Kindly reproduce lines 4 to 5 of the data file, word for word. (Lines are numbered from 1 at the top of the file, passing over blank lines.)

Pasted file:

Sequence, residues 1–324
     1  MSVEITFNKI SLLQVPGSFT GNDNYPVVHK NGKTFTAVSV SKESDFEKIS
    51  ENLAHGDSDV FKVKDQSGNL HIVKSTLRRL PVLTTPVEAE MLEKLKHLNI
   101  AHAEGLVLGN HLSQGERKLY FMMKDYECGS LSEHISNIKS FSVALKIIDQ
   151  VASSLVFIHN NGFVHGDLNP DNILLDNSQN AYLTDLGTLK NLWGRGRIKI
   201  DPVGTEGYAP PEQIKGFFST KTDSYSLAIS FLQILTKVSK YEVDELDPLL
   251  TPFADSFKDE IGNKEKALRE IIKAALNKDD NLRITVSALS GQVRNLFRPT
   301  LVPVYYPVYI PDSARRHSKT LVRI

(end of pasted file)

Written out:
   101  AHAEGLVLGN HLSQGERKLY FMMKDYECGS LSEHISNIKS FSVALKIIDQ
   151  VASSLVFIHN NGFVHGDLNP DNILLDNSQN AYLTDLGTLK NLWGRGRIKI